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How to Use Table Runners

by Shelly McRae

Table runners complement your table settings by adding color, texture and a unifying element to your tablescape. Table runners add a touch of elegance, bringing a sense of tradition to an occasion. The rules regarding the use of table runners and other kitchen linens are fluid and are better described as guidelines. When it comes to kitchen linens and the design of your dining room table, you can be as formal or as casual as you like.

Using Table Runners:

How to Use Table Runners

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  1. Measure the width and length of your table.

    Place your tablecloth on the table and adjust it so that all sides hang evenly. Your tablecloth should hang six inches past the table edge all around.

  2. Use a table runner that is one-third the width of the table.

    The length should be 12 inches longer than the length of the table, allowing each end to hang six inches past the table edge on each end.

  3. Place the table runner on top of the tablecloth directly down the center of the table.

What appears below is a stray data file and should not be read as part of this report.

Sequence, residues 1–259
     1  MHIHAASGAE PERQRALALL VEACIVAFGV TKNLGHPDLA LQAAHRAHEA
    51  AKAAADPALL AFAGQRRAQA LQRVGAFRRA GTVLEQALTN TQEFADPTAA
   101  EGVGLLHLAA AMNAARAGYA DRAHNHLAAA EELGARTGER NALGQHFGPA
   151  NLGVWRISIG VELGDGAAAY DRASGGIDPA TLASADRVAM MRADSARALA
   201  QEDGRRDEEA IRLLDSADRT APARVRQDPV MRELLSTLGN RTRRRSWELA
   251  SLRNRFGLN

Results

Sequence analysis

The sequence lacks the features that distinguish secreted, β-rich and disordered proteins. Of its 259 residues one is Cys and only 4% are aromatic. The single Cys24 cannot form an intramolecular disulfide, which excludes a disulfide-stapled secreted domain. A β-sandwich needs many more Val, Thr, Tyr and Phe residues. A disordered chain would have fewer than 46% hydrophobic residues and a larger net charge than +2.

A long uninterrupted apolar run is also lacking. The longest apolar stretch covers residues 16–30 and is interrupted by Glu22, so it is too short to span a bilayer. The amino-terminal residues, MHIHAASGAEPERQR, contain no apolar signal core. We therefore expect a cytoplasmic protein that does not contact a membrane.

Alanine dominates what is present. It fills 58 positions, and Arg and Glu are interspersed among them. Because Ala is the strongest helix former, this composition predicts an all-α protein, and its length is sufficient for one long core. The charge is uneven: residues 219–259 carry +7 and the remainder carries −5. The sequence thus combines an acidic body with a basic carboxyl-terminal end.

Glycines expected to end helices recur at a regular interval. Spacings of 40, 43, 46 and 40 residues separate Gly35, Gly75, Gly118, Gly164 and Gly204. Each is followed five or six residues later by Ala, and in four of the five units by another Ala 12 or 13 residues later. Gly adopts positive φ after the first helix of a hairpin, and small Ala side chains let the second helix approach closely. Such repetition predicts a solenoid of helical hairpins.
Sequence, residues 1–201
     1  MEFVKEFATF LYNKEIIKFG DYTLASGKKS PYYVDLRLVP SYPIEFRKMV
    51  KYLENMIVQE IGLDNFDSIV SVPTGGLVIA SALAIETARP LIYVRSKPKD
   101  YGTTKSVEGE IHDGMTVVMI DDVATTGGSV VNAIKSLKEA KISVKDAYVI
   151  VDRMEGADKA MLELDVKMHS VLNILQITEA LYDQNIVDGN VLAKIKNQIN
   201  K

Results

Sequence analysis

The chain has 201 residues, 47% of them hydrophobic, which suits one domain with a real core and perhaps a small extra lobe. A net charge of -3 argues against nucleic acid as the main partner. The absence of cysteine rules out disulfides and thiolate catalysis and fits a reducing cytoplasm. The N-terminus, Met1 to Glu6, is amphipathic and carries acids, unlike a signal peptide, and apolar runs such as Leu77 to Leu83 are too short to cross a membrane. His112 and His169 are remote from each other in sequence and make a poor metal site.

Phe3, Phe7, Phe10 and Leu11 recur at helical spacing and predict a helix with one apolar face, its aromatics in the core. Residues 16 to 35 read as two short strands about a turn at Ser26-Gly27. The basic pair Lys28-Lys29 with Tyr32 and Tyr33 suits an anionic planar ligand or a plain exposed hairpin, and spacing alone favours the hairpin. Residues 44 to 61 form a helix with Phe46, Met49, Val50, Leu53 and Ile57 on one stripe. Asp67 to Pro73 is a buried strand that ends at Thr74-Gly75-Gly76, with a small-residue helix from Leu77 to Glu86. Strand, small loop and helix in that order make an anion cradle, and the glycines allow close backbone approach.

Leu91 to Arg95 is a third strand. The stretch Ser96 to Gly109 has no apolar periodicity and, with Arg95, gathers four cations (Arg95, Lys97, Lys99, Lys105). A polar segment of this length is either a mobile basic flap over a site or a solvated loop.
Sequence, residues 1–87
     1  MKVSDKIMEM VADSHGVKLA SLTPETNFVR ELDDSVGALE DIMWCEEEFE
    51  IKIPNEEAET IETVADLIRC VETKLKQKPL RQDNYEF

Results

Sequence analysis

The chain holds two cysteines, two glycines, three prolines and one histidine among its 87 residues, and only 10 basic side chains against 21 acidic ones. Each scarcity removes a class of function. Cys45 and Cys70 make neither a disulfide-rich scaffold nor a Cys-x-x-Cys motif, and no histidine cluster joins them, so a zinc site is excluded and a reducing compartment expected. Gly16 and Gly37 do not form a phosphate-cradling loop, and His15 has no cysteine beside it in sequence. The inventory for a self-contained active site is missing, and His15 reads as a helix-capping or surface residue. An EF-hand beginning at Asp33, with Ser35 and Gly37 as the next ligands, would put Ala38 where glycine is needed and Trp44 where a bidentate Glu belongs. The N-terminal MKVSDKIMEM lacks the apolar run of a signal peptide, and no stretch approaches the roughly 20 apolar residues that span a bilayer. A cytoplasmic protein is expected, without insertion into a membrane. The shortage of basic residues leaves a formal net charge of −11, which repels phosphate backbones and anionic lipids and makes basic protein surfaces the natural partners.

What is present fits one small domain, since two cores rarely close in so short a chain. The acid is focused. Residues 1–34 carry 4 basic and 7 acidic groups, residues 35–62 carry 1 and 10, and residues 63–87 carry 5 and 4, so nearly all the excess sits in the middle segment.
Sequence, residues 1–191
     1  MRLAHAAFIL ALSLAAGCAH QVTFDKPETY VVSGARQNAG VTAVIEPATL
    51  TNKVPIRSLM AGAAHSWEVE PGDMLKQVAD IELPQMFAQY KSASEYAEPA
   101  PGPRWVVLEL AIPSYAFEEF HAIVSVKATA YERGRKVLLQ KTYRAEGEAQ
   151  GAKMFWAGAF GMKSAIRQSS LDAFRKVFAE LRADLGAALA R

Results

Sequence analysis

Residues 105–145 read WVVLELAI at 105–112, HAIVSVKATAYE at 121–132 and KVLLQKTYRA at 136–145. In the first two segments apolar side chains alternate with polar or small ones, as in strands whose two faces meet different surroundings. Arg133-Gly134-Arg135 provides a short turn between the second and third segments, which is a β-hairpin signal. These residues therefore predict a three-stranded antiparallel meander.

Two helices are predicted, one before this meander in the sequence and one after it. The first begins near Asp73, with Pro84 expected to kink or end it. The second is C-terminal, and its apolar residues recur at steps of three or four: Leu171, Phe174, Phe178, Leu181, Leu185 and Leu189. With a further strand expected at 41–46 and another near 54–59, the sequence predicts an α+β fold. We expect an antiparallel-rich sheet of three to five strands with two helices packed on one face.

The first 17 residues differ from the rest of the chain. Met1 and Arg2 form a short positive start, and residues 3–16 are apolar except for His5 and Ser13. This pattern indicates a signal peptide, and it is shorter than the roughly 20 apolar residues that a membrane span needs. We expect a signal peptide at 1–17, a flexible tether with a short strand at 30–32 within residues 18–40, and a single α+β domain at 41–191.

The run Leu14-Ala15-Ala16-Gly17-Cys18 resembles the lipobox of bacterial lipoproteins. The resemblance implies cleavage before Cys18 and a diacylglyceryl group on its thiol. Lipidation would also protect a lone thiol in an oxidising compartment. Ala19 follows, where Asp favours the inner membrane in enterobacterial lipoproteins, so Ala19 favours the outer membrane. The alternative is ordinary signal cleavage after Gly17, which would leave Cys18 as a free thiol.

The edges of the table runner should meet the edges of the tablecloth. You can adjust these lengths according to your table size, allowing for a drop of up to 15 inches.

  4. Place your centerpiece in the center of the table directly onto the table runner.

    If you're using two or more centerpieces, place them at equal distances on the table runner at equal distances from the center of the table.

  5. Use two or three table runners and place them across the width of the table to create a more contemporary appeal.

    The widths of these runners should be narrower than the one used for the length of the table. A rule of thumb would be one-fourth the width of the table. The lengths of the runners should be 12 inches longer than the width of the table, so the edges still have a six-inch drop. This look works well on longer tables. Allow at least two feet between runners when turning them sideways. Otherwise, the table looks overcrowded.

  6. Use a shorter table runner to highlight a centerpiece in an informal table setting.

    Use a table runner that is one-third the length of the table and place it in the center. Place the centerpiece on the runner, which then acts as a textural element to the centerpiece.

  7. Use a table runner without a tablecloth to highlight the table itself.

    Lay a solid-colored table runner along the center of the table. Use a densely woven linen or cotton material to match the texture of a solid wood table. For a glass top, use a runner made from a lightweight silk or cotton fabric.

  8. Lay two table runners in an "X" formation across a round table that seats eight.

    Allow enough space so that there are two people in each "section." This setting creates intimate areas within a large tablescape.


Use table runners on your buffet or credenza for extra color in your dining room.